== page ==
-OR-
      I can measure and cut a Milk Carton to the perfect level where the Oat Cream ends and the Oat chunks begin (I would Need to install a valve to allow the oats to separate from the water. After 20 minutes+ I could then open the valve).
      There would still be a lot of liquid in the top and bottom layer. If I add mesh to the valve I might be able to get a little more out, but more likely it’s better (Easier. Less Time consuming. More efficient) to Just accept what Oat Milk one gets from this method and either Bake the rest for Oat Flour or simmer the rest for Porridge
      Granola with porridge seemed to help the oats stay together in a bar like form, though still pretty crumbly, so additional emulsifiers are needed (I’ll need to try it, after my fast, to fully understand the results)

      I ended up choosing the first option BUT (thanks to Mom) put the bottom layers through a fine mesh strainer. Like with the shirt, the oats would gunk up and stop the liquid from pouring through, so I used a spoon to move the oats out of the way, and squish them down, pushing the liquid through, until only the wet Oat Pulp remained (which I couldn’t do with the shirt).

    • Kendra says

      I just made some and used a double layer of cheese cloth. Only strained once and no pulp or graininess. Also squeezed the liquid so I didn’t have to wait long. Love this recipe! Will be experimenting with less water to see if I can make thick coffee creamer.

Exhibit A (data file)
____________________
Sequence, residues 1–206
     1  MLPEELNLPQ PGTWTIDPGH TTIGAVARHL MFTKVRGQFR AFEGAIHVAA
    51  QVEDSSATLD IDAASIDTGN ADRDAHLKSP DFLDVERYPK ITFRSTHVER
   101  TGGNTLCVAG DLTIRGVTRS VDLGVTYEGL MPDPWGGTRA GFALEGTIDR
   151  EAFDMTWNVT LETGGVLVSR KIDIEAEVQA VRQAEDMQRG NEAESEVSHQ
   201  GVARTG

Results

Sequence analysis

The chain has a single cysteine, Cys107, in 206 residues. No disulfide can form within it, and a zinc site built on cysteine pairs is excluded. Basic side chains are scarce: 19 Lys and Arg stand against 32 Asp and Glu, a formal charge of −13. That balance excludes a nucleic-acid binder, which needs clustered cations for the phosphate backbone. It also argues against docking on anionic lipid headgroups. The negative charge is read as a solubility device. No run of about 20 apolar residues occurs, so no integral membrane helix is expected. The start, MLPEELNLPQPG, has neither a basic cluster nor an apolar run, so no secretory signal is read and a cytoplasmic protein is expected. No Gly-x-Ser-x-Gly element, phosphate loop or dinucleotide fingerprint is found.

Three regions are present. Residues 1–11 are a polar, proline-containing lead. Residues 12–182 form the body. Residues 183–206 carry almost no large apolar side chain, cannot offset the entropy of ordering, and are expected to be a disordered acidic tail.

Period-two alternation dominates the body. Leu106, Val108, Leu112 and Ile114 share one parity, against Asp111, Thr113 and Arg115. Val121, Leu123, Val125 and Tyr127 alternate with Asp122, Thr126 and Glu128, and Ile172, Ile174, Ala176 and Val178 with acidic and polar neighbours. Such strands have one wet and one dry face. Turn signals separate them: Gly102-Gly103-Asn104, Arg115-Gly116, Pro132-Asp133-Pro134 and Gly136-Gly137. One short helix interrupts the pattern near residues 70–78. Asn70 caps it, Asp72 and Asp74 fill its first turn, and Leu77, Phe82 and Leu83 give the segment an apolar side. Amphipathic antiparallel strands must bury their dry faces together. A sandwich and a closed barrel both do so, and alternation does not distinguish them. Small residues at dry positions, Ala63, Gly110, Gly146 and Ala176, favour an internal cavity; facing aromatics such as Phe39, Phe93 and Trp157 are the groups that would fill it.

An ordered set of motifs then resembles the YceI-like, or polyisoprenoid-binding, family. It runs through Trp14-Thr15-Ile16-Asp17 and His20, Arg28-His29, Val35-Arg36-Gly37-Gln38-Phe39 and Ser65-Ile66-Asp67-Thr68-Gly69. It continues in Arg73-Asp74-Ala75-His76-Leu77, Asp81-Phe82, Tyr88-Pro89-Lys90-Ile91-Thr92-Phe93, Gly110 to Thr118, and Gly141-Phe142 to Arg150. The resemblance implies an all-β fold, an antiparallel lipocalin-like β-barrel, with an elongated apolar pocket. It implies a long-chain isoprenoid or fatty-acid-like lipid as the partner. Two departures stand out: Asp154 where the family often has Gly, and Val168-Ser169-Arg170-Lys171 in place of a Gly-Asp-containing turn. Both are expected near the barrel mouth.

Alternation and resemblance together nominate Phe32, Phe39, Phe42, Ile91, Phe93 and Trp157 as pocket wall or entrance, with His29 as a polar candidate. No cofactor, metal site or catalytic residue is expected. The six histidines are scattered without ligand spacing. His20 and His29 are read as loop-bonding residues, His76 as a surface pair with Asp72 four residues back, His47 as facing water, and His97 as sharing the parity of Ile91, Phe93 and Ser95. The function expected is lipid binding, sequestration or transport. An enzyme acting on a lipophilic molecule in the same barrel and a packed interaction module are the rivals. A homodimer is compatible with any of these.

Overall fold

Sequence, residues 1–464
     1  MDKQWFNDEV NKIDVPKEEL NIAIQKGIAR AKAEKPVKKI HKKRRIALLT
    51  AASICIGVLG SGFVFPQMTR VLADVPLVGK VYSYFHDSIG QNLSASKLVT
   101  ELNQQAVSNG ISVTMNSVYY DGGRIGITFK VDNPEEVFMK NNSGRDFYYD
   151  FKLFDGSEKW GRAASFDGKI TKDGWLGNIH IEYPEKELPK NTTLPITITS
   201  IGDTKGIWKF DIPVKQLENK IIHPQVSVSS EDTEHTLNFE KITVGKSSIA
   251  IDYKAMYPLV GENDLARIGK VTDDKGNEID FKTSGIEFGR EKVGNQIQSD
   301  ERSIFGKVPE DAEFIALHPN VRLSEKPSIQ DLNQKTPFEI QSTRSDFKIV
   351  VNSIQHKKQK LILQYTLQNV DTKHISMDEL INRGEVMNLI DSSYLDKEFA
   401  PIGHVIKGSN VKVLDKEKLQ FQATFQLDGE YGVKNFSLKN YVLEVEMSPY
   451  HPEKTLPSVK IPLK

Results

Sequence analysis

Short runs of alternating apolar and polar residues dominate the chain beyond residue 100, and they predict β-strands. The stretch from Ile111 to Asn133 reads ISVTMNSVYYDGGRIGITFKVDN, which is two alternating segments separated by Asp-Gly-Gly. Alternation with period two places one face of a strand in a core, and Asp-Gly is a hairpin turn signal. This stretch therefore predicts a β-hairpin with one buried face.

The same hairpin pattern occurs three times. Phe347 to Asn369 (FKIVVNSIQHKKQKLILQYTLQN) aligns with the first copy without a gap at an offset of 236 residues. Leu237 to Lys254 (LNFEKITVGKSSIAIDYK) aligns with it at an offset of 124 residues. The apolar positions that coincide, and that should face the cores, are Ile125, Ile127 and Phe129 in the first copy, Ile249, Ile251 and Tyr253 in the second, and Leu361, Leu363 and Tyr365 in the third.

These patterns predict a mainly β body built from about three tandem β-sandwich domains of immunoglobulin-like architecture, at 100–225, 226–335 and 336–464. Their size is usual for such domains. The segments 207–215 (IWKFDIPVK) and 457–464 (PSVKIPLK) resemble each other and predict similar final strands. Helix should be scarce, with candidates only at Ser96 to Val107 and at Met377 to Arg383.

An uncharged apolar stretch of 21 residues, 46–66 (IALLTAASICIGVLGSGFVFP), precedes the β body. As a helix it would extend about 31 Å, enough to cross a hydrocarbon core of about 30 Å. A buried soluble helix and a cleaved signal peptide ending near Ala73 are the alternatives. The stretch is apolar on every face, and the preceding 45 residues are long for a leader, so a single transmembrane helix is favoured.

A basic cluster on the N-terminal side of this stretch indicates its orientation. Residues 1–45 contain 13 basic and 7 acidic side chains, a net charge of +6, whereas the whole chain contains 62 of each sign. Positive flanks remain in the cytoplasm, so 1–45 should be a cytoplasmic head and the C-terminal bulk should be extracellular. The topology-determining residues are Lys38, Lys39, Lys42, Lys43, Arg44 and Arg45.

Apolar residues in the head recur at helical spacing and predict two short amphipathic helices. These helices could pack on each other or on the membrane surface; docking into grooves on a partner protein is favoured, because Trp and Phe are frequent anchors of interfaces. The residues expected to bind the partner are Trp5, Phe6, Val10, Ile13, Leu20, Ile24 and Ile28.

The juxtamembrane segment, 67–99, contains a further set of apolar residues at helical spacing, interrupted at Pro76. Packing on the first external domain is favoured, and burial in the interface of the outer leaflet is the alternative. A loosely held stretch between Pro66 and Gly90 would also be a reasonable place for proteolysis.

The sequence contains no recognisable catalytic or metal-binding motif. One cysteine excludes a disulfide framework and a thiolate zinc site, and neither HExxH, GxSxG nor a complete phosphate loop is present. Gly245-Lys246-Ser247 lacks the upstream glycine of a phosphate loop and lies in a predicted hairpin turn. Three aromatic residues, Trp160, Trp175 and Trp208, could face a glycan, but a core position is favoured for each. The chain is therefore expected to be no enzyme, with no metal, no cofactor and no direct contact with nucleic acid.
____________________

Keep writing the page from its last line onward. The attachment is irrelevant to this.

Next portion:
66. Lara says

    Hi there,

    Thank you so much for sharing.
    Please can you tell me how you calculate your nutritional information for this recipe?

    Kindest regards,

    Lara

    • Support @ Minimalist Baker says

      Hi Lara, the nutrition information is a rough estimate calculated with no additional add-ins, and the oat “pulp” nutritional content removed. We approximated that about half of the calories, fat, fiber, carbs, and protein would be lost in the pulp. Hope that helps!

    • Support @ Minimalist Baker says

      Hi Jade, feel free to decrease the amount of water next time for a creamier consistency. Hope that helps!

  67. Doug says

    Been making it every week since I found this in early December…. WOW so quick and easy. I use about 3/4 dropper of liquid organic stevia for sweetener and less than a 1/4 teaspoon of baking soda to make it more alkaline…just because. I also only add 3 cups of water to blend and then just add the other cup through my fabric when I have strained the first 3 cups….mainly because my blender gets too full with 4 cups. But Wow so tasty and easy….10 min. Sure beats the 4$ ish price tag at health food stores…thank You!!!

  68. Vicki says

    I have a question that I have been googling but can’t get a sure answer. Is oat milk good for cholesterol lowering as Oatmeal is. I thought it was just the fibre that did that but one sight said there was something in the oats that lowered your cholesterol and it was also in Oat milk. Is this true, do you Know?

    • Support @ Minimalist Baker says

      Hi Vicki, we aren’t able to offer nutrition advice and would recommend checking with your doctor or a nutritionist. But it is our understanding that it is the fiber/bran in oats that aids in lowering cholesterol.

  69. Ann says

    I usually make cashew milk for my dairy intolerant daughter and never had to strain it.My vitamix maked it so smooth that no pulp is left behind.Is it a reason to why not let any pulp inside the milk?